This pandemic has created a new look for our society.
Today, the “in-thing” is to wear a mask anytime you’re in the public.
I’m from an era where I still feel uncomfortable walking into a convenience store wearing a mask.
Unless one is wearing one of the high-tech models, I think the main function for most masks we encounter today is mostly ceremonial.
I thought I would try to spread a rumor that some cities were experiencing tree deaths due to carbon dioxide emissions being reduced by mask wearers.
Prior to recent weeks, my mask-wearing was limited to ill-fitting plastic devices for Halloween and Trick-or-Treat where the eye holes never matched the location of my seeing organs.
When I pumped liquid oxygen into jet aircraft in the USAF, I wore a mask/shield device to keep me from freezing off my nose.
I also had a winter face mask to wear while stationed in Greenland.
Those eye holes matched up better than my childhood costume facial gear.
I wore paper masks while performing dusty home remodeling projects that involved saw dust, insulation or drywall.
Some of my childhood heroes wore masks.
The Lone Ranger.
Not only was he a good guy but he also handed out those silver bullets to the folks as he rode away.
Some of my other Western heroes would pull their bandannas over their mouths to keep the dust from choking them as they pursued bad guys.
(Did it ever rain in the old West?)
But masks go back further in time than the Wild, Wild West.
The oldest ones date back to at least 7,000 BC although they could have been around longer but may have decomposed.
Most of the oldest masks were for rituals.
In parts of Africa, the masks were meant to connect with the ancestral spirits.
Often they were made of wood and were ornately-designed, many in the shapes of animals to communicate with their spirits.
Mask “faces” meant things.
Closed eyes indicated tranquility while a mask with a bulging forehead was a sign of wisdom.
War masks were meant to scare the enemy and were often made and painted with big eyes and looks of anger.
Pacific Northwest Indians made complex masks of wood, leather, bones and feathers, some with moving parts.
They were a little more elaborate than one of my cloth masks with elastic that’s too tight so my ears resemble a car driving down the road with the doors open.
Ancient Aztecs and Incans covered the faces of their dead with masks.
If you were “well-to-do”, you probably had a copper or gold death mask while the worker bees had face-coverings made of wood, leather or clay.
Funerary masks covered the face of the deceased to honor them and to establish a relationship through the mask with the spirit world. Sometimes, those masks were to force the spirit of the newly-deceased to depart for the spirit world or to frighten away evil spirits.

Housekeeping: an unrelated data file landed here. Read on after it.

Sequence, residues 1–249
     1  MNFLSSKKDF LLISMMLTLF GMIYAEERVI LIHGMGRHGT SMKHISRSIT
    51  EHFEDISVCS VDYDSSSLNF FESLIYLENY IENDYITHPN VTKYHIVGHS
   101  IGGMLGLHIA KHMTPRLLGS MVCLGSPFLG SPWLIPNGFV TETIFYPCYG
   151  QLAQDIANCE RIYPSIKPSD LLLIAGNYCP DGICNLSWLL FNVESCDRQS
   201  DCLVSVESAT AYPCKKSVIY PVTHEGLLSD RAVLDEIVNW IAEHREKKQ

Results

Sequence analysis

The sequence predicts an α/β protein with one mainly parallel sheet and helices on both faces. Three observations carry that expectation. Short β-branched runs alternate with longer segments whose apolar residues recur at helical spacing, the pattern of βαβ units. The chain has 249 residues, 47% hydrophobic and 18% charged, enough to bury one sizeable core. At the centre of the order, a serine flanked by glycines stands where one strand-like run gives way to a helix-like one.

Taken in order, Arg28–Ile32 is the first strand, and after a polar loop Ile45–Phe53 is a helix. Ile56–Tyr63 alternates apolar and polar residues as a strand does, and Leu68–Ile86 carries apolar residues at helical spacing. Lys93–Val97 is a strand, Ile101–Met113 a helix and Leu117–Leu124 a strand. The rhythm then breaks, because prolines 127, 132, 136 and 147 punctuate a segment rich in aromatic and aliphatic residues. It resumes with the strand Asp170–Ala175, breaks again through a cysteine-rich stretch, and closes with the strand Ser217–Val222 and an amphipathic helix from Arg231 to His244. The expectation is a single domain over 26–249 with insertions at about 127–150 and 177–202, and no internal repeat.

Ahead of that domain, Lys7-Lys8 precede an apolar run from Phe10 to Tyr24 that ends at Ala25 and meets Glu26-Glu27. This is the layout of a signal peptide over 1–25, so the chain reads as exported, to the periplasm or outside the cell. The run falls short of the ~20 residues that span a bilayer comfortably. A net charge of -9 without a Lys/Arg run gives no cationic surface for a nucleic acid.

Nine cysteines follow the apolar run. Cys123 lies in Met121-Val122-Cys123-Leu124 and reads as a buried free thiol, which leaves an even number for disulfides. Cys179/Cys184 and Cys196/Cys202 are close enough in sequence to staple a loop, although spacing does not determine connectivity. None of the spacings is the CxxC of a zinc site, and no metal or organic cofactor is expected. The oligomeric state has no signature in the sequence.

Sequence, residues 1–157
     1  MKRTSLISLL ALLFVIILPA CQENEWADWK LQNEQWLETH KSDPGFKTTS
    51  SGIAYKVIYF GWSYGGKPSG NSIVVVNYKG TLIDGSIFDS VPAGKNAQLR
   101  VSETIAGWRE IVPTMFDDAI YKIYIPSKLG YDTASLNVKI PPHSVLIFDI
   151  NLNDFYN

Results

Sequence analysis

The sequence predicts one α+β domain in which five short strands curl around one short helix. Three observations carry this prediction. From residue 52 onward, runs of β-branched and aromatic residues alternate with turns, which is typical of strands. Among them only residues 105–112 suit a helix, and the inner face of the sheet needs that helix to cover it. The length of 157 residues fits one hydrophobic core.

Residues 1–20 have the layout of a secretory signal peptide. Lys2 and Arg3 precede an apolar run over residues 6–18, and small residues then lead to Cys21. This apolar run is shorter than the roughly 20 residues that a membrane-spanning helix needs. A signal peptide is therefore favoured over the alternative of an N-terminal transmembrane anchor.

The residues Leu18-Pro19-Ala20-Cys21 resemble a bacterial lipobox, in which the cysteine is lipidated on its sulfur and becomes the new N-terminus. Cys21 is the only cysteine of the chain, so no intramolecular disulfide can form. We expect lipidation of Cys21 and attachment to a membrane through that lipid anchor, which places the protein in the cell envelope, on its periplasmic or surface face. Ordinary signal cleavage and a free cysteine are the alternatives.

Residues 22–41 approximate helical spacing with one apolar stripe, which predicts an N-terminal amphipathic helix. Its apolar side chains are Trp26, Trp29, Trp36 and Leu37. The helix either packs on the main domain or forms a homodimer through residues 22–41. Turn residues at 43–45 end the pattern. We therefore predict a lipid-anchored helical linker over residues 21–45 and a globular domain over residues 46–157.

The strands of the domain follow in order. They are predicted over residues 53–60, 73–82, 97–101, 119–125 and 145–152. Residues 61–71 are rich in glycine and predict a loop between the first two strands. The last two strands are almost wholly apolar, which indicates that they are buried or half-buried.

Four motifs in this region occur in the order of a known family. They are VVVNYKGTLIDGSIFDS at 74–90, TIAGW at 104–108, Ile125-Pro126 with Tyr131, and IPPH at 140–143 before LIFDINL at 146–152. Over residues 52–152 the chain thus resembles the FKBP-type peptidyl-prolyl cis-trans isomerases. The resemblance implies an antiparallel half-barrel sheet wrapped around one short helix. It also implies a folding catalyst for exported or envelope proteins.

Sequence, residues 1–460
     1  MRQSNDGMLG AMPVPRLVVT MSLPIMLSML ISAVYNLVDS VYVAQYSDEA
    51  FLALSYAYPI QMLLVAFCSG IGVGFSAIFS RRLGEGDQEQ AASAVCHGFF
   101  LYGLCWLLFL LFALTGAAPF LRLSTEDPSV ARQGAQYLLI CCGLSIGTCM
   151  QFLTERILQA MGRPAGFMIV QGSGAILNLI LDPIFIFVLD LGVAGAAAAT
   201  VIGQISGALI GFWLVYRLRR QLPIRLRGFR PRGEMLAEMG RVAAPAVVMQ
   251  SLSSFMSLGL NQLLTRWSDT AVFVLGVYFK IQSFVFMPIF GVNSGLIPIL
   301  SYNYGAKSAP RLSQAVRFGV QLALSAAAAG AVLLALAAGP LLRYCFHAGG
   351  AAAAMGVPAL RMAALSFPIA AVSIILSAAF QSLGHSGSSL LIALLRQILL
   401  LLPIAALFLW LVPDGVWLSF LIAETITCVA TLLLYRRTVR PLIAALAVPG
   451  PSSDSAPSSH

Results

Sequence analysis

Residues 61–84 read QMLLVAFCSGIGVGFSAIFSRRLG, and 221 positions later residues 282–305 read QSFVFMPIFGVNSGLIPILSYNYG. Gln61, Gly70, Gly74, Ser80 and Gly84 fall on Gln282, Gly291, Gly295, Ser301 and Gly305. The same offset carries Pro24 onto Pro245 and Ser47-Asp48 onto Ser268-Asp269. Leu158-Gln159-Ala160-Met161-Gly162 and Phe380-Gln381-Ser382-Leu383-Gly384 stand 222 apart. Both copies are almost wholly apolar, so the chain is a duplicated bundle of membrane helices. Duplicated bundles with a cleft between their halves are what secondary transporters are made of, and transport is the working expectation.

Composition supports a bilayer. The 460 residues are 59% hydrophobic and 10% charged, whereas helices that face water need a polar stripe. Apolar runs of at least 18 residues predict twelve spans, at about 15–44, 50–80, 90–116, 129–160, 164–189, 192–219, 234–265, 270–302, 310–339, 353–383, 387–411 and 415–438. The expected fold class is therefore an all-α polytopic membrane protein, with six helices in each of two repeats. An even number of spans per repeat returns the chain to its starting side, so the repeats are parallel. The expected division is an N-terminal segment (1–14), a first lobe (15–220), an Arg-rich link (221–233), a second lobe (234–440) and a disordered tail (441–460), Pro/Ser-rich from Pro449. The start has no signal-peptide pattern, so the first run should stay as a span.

Ancient Egyptian death masks were made so the soul could recognize the body and help the deceased to be accepted by other “divine immortals” in the afterlife.
Ancient Roman burials sometimes involved a mask resembling the deceased worn by a paid actor who accompanied the funeral cortege to the burial site.
(Hey! Doesn’t that look lime old John Foster over there? Didn’t realize he passed!)
Except for ritual purposes, many ancient masks were used in theater.
Credit the ancient Greeks and the traditional Japanese Noh drama.
Those wily Greeks had masks constructed with brass megaphones where the mouth was to amplify the talking actors.
Would it be fair to assume that the lead actor had a bigger brass hole that others?
The “Moretta muta” oval mask worn by women for the Carnival of Venice had no straps.
There was a button on the inside of the mask that was held in the mouth by the performer.
The featured actor in the Indonesian Topeng dance had upwards of 40 masks for his use only. No one else could use them for fear of offending the spirits residing in them.
When the Topeng dancer died, the masks he used were never moved from the place they were left at the time of his death.
Also, at the end of a Topeng dance, it was customary for one of the jesters to rush into the crowd, grab a child and taken them behind the curtain to be given candies to share with friends.
Could you see that happening in a modern-day theater production?
Call the police and lawyers.
Chinese opera masks were color-coded.
Each hue described the personality of the character so the audience would get a better, faster picture of that character.
Korean masked dancers wore face-coverings to entertain with satire and social commentary.
Masks have also been used for punishment by shaming.
In some cultures, judges wore masks to protect them from future recriminations.
In some African countries, even masks worn to represent female beauty were always worn by men.
Some African tribes were the first to use them for admonitory purposes.
Let’s say a youngster was repeatedly told not to follow Mommy when she fetched water.
Sometimes Mom would paint a hideous face on the bottom of the water gourd and show it to the youngster.
Sort of the origins of “scared straight”.
Twenty-first century mask-wearing might be connected to ancient times as well.
Masked members of secret societies thought they could drive disease demons away.
The “False Face Society of the Iroquois people” had masked professional healers who performed violent pantomimes to exorcise dreaded demons.
In ancient times, Chinese children wore masks to ward of the measles and they also wore cholera face-coverings during epidemics of that malady.
Today, fencers, baseball catchers. hockey goalies and football players wear masks as do welders, law enforcement officials and medical professionals.
So, you see, this “mask thing” of today is really nothing new.